Resolutions are a complete waste of time. And for that matter, so are most goals we set for ourselves!


If you’ve followed me for at least a year, this proclamation probably comes as a surprise since I’ve written about goals here and just last week here. Don’t worry; I am not against setting goals. I do it for myself every year and have for many years. But they have to be the right kind of goals!

Resolutions are a waste of time because of the 62% of American who set resolutions, 25% give up by the end of the first week! A full third of people give up in only two weeks!

Those that set goals are no better. A whopping 92% fail at whatever goal they set!

Why aren’t more of us more successful at achieving our goals? The answer, I think, is that we usually set the wrong kind of goals.

Michael Hyatt identified three kinds of goals: goals in the comfort zone, goals in the discomfort zone, and goals in the delusional zone.

1) Comfort zone goals are ones you know you can achieve. Nothing truly meaningful happens in the comfort zone. I bet some the goals people report achieving were right smack dab in the middle of the comfort zone.

2) Discomfort zone goals are goals that will stretch you. You may not know how you will achieve them, but achieving them will make a big impact in your life.

3) Delusional zone goals are the goals that are never going to happen, and you should know it! I have never played a round of golf scoring under 100, so a goal to play on the senior tour is downright delusional.

Goals that will make a difference in your life and mine are not the comfort zone or delusional zone goals. The big difference in our lives will always come from achieving discomfort zone goals. Life changing goals are somewhere between the comfort zone, “I got this” and the delusional zone, “You got to be smoking something.”

SMART Goals are the Best Goals

The SMART goal acronym has been around in business circles for a while, but if you are unfamiliar with it, it stands for goals that are Specific, Measurable, Achievable, Relevant, and Time-bound.

  • Specific. A goal to “lose weight” is not specific. How will you know if you have succeeded? A goal to “Lose ten pounds” is specific.
  • Measurable. A goal to “lower my golf score” is not specific enough and it doesn’t quantify success. Is a lower score of one stroke success, or is a lower score by ten strokes success?
  • Achievable. A goal for me to play professional baseball is not achievable (anyone who saw me play high school ball would agree). A goal to “lose 100-lbs. in 30 days” is specific and measurable but it is not achievable.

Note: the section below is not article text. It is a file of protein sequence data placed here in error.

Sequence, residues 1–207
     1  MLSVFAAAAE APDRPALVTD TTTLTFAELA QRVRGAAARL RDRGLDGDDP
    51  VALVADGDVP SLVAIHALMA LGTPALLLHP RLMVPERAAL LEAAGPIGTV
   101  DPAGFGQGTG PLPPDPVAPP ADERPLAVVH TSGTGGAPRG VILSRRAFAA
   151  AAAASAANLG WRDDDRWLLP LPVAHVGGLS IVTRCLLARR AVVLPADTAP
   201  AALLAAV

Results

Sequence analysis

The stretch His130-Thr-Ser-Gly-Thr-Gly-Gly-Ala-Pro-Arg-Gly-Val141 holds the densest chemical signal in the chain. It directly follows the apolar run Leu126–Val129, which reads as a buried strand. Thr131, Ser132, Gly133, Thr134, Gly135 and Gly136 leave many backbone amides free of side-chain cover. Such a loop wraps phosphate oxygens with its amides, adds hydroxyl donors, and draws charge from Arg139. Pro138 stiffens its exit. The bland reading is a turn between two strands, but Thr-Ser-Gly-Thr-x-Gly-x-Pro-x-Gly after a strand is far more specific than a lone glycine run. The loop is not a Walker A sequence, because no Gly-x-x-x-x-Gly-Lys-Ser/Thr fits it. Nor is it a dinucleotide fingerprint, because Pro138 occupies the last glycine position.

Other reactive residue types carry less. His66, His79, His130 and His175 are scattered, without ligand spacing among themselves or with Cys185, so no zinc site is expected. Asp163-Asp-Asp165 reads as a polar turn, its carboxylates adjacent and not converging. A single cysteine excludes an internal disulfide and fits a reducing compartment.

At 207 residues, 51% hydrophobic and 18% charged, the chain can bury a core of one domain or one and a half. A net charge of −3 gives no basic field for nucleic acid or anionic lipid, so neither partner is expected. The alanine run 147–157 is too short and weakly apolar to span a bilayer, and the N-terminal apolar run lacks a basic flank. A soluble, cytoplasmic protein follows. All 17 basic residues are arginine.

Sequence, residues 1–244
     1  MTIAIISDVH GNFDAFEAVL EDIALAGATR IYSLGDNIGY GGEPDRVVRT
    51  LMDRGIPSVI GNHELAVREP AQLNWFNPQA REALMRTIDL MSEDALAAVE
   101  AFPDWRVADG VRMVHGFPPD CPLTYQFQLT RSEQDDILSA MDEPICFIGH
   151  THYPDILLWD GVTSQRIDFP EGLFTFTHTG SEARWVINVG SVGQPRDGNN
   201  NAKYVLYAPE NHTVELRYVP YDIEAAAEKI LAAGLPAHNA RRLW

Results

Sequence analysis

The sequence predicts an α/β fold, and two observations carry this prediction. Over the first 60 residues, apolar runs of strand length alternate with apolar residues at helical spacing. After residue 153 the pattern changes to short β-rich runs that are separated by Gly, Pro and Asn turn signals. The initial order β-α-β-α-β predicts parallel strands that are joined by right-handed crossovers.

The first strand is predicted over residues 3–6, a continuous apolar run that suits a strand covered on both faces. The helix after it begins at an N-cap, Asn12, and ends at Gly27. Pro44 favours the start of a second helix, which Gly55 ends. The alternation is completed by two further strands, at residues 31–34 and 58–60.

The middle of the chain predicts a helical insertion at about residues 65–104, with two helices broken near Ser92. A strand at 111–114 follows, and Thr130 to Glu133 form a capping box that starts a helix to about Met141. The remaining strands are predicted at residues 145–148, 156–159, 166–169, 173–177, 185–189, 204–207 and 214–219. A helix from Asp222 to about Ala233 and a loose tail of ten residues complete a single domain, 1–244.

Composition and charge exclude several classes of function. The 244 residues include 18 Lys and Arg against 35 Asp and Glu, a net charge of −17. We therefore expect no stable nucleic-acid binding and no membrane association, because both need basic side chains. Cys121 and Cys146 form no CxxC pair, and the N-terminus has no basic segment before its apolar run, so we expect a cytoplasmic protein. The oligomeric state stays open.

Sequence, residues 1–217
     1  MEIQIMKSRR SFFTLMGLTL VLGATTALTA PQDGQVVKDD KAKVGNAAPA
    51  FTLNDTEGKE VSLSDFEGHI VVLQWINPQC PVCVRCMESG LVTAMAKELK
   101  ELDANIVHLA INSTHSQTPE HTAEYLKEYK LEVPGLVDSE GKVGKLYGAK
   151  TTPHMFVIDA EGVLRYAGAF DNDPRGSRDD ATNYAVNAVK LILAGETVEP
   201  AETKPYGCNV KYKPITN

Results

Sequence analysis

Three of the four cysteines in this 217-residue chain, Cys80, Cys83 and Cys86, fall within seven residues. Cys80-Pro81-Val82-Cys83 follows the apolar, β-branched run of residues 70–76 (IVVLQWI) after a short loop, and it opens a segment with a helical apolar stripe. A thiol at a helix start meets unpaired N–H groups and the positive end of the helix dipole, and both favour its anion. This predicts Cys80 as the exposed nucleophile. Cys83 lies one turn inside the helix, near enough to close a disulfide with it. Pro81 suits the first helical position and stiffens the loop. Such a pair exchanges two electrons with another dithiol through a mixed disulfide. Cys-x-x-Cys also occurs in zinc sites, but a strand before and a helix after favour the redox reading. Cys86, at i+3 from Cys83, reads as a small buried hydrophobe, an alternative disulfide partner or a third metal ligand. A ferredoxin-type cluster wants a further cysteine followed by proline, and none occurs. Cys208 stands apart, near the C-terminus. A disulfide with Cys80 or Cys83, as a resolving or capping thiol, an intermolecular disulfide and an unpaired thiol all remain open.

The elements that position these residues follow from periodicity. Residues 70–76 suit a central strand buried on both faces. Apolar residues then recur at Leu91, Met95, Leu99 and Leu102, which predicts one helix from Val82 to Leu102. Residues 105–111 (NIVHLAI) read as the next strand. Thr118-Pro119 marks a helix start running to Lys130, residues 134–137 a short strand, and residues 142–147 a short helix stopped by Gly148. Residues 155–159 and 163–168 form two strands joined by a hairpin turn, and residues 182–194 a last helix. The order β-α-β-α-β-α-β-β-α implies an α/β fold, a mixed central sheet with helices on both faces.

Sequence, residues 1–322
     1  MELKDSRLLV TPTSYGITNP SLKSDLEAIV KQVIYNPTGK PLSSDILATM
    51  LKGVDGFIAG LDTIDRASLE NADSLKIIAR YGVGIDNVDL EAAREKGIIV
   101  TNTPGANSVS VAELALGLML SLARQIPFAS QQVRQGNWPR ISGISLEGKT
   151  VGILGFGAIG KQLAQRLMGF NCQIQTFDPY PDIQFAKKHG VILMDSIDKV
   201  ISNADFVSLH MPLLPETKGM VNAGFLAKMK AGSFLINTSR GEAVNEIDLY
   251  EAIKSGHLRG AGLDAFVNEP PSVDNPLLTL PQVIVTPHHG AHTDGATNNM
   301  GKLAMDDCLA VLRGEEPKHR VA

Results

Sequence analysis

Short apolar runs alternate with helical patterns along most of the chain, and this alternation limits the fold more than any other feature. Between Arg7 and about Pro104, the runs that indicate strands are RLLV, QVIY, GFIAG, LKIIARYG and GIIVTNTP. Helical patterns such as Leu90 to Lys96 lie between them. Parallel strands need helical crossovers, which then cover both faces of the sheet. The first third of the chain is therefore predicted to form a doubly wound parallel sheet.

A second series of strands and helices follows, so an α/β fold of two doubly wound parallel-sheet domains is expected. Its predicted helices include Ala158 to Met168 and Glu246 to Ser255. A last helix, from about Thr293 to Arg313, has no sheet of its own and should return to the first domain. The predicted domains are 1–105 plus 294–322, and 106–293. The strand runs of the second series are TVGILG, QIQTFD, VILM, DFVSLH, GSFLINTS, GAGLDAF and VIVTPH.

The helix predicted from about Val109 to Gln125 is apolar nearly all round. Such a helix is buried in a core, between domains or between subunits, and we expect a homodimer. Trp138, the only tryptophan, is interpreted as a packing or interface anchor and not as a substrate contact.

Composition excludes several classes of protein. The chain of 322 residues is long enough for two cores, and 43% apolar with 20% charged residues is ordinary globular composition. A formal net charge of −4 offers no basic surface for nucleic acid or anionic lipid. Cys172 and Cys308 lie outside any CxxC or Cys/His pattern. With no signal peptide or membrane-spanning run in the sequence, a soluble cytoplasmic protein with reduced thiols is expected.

• Relevant. A goal that is relevant to me is one that will support the accomplishment of other goals, or at a minimum, not distract from your ability to achieve other important goals.
  • Time-bound. A goal with a deadline has a sense of urgency. Without a deadline, a goal could go on forever and never be accomplished.

Accountability and the Why of My 2017 Goals

Along with establishing SMART goals, another aspect of people who are more successful in achieving their goals is to have an accountability partner; someone or several people who can hold you accountable for your progress. Once I’ve established my 2017 goals, I will share them with a couple of people I trust who will hold me accountable for my progress.

The final aspect of successfully increasing the rate of goal success is to know your “why.” Your “why” ties you to your goal. I didn’t achieve my weight goal last year because I lost track of why I wanted to lose the weight. If you don’t know and internalize your “why” you are doomed. This year once I have written out my SMART goals I will include a statement that reinforces the “why” of each goal. This will help remind me of why I set each goal when I get into a slump and feel my motivation waning.

Join the Conversation

As always, questions and comments are welcome. If you set goals for yourself which zone are your goals in? Do you set SMART goals? Do you know the “why” of each goal?

I’d love your help. This blog is read primarily because people like you share it with friends. Would you share it by pressing one of the share buttons below?

Category: Personal Development | Priorities

#201: Key Learning from My After-Action Review

There is a Chinese proverb that loosely translates, “You must look to where you have been to see where you are going.” The proverb is about a man seated in a rowboat who looks where he has been to row the boat to where he wants to go.

After-Action Review

I love this image of looking where you’ve been as a guide where you are going.

The military calls a review of the past an “After-Action Review” (AAR). The purpose of an AAR is to analyze what happened, why it happened, and how it can be done better.

As the year ends, I began the After-Action Review for my 2016 goals.

Here are my original 6-goals for 2016